Police unions serve an important function


To the editor:

In response to your Tuesday editorial on Las Vegas police:

As a fairly new resident of Nevada, I find your paper's bias against the Las Vegas Police Protective Association without merit. As a former police union president, I can perhaps provide a rational explanation of the union's position that even your editorial staff can understand.

It is the union's job to protect its members. Internal Affairs investigators have one purpose: provide enough information to "indict" those investigated. They are a management tool. Once someone is "indicted," the union representative is tasked with defending that person to the best of his ability. A common criminal is entitled to a defense. Surely those who protect our communities, risking their lives, deserve the same.

Law enforcement agencies are political entities. They will sacrifice someone's career for political expediency. Police unions are the only means of checks and balances against management malfeasance in the workplace. Your citizen's commission appointed to examine management and line officer actions are controlled by management through information presentation or denial.

Metro has its problems -- many that have already been addressed by larger, more progressive law enforcement agencies such as the one I retired from. But those changes should all be reviewed and discussed with police unions who provide protections and prevent law enforcement management from having dictatorial control over their personnel. We all know what dictators are capable of.

John Stites

Henderson

Grant money

To the editor:

County Commissioner Chris Giunchigliani's defense or explanation -- or whatever it was -- related to the county's financial involvement with the Nevada Partnership for Homeless Youth was perfectly revealing (Tuesday letter to the editor).

In order to justify her choice of grant recipient, the commissioner amazingly states, "Since there are no longer year-round schools, there has been an increase in juvenile crime." If you dig into this comment just a tiny bit you'd find out that by moving away from year-round schools, the school district saved the taxpayers several million dollars a year. It was a smart maneuver from a lot of different angles.

But, almost comically, the commissioner leaves out any statistics to demonstrate how juvenile crime has increased. I think the reason for this is that she'd have to present some data that showed how armed robberies and assaults by first-graders had increased. Or, maybe, how incidents of kindergartner flash mobs heinously pillaging unsuspecting convenience stores had increased. The commissioner either didn't understand that the year-round schedules only applied to elementary schools, or she chose to ignore that fact to further whatever she was trying to accomplish.

We have managed to make government too busy to capably function, and its leadership continues to be either increasingly ignorant or dishonest related to their varying quests to continue to move the taxpayers in the direction of "busier government."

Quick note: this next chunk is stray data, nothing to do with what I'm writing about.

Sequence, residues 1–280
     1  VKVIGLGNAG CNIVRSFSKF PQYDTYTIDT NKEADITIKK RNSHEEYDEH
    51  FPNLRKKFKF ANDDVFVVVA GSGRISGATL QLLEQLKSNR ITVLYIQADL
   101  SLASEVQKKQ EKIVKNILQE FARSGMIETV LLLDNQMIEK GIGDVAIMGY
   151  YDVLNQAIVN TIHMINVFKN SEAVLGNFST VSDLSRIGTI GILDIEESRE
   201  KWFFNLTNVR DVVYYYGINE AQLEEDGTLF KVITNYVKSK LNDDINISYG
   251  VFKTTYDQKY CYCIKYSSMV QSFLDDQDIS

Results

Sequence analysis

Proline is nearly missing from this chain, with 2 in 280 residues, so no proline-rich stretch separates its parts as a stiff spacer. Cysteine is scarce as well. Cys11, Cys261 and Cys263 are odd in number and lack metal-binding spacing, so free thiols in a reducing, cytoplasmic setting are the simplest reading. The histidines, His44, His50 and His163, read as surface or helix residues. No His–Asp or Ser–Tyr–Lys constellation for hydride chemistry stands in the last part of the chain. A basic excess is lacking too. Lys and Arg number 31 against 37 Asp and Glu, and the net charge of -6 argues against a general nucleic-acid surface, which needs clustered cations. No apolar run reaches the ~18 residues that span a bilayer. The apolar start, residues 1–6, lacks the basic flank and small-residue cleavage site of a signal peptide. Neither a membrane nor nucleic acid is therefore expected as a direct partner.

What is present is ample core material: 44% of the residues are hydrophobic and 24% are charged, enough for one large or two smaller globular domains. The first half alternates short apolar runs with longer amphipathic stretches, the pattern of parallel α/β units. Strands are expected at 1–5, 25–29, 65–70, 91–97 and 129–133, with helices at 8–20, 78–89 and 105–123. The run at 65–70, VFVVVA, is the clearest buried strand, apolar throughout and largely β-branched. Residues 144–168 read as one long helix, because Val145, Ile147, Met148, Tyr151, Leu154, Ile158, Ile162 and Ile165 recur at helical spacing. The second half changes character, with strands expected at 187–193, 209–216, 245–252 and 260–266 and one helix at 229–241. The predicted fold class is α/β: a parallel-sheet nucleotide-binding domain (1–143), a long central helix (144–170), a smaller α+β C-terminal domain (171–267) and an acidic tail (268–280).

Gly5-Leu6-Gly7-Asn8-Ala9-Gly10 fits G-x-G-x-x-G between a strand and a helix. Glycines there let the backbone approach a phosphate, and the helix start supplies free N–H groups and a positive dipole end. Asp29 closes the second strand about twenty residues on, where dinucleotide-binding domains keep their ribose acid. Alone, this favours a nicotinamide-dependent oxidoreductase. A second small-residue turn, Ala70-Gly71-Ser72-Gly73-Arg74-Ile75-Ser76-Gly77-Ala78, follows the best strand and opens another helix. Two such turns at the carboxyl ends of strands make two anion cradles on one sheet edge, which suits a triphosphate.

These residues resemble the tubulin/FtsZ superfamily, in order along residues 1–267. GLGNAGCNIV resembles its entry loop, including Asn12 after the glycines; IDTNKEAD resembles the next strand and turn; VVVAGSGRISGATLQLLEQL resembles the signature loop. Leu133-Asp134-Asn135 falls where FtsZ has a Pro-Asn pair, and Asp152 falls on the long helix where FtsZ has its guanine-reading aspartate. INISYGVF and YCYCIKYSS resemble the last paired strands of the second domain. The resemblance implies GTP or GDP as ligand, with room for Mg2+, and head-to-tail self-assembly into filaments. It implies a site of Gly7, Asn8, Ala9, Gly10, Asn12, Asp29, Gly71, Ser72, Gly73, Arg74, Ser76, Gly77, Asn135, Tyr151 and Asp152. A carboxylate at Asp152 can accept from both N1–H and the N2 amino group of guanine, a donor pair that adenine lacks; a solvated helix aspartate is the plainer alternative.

Paul Parrish

Henderson

Union side

To the editor:

I recently discovered in my mailbox a mailer in which Station Casinos levels a grave accusation against the Culinary union: that the union is deterring performers from coming to Las Vegas. That, however, is very misleading, if not patently false.

I'm neither a member nor an employee of the Culinary union. I'm just a concerned Nevadan who stands with the working families of our state.

All the Culinary union does is alert performers, clients and potential clients of Station Casinos that the company has a number of potential labor law violations pending before the National Labor Relations Board -- and suggest that they consider a change of venue.

Performers and patrons have the right to know about Station Casinos' abusive and unfair employment practices. I myself stopped patronizing Station Casinos once I found out about their actions against workers.

The truth is that Station employees just want to have the economic security, decent wages and health and retirement benefits enjoyed by their unionized counterparts at nearly every other casino in Las Vegas.

But Station Casinos doesn't want this.

Contrary to its propaganda, Station Casinos doesn't care about its employees. Station employees have not had a wage increase since 2007, the year that a handful of casino insiders took out over half a billion dollars in cash payments for themselves. And now, instead of improving working conditions for its workers, Station is launching this expensive attack against the Culinary union to undermine their employees' right to organize.

Station Casinos may have millions of dollars to suppress their employees' efforts to gain union representation. But the truth and the will of the workers will ultimately prevail.

Oscar Peralta

Las Vegas

Beaten up

To the editor:

It sickened me to watch the video of the man beaten by Henderson police officers (Wednesday Review-Journal). He didn't resist, but was held down by four or five officers and then kicked in the face multiple times and kneed in the ribs (breaking them) by another sadistic officer. When it's over, you can hear one of these tough guys laughing.

This was totally inexcusable, yet only one officer was allegedly disciplined. Wow.

Donald Hart

Las Vegas

 

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